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The risk of foreign items left behind is higher in some surgeries

On Behalf of | Jan 30, 2024 | Surgical Errors |

Certain surgical mistakes are so blatant that people might think of them as issues that no longer affect modern medical care. Between specialized training and strict standards maintained by corporate medical employers, there is a lot of pressure on medical professionals to consistently conform to best practices.

The idea that a surgeon would leave a foreign object behind in someone’s body, for example, probably seems like a very egregious oversight. Most medical professionals classify leaving objects behind in a patient or retained foreign bodies as a never event. It is a medical mistake that should never occur if surgeons follow proper procedures.

Despite that stance, about 1,500 patients every year in the United States come out of anesthesia with something in their body that should not be there. One type of surgery, in particular, has an elevated risk of surgeons leaving items behind.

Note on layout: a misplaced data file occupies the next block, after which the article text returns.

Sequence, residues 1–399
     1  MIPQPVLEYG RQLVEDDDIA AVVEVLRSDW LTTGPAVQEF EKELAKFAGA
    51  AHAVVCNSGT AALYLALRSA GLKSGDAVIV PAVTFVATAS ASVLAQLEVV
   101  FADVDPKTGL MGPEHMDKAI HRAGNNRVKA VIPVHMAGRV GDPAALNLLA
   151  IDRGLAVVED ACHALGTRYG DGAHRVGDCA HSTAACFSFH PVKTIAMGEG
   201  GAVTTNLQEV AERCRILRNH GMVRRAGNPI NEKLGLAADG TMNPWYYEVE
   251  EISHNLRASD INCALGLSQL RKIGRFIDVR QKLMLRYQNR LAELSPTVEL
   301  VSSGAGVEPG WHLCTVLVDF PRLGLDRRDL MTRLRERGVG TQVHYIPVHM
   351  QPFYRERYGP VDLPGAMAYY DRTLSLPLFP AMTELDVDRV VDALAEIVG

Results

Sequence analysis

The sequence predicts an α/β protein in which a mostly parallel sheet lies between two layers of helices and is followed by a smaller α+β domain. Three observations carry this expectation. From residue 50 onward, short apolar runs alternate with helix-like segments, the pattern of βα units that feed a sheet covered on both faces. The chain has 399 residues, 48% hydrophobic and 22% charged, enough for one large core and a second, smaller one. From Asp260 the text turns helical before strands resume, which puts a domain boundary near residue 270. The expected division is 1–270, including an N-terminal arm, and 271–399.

Bigger cavities mean more risk

Technically, surgeons could leave something in a patient after operating to address carpal tunnel syndrome or replace a damaged knee joint. However, the highest reported incident of retained foreign bodies occurs after surgeries on the torso or abdomen.

Larger cavities accessed during the surgery produce more opportunities for surgeons and support staff to overlook or misplace items during the procedure. Someone undergoing an appendectomy therefore has a higher risk of a retained foreign body than someone having a lower extremity amputation performed because of diabetic neuropathy.

Patients who are familiar with the unique risks associated with the treatment they require may have an easier time investigating the medical practices of a facility and protecting themselves from egregious oversights and obvious negligence. Additionally, learning more about trends in medical malpractice may help people advocate for themselves before something goes wrong or after a substandard surgical outcome.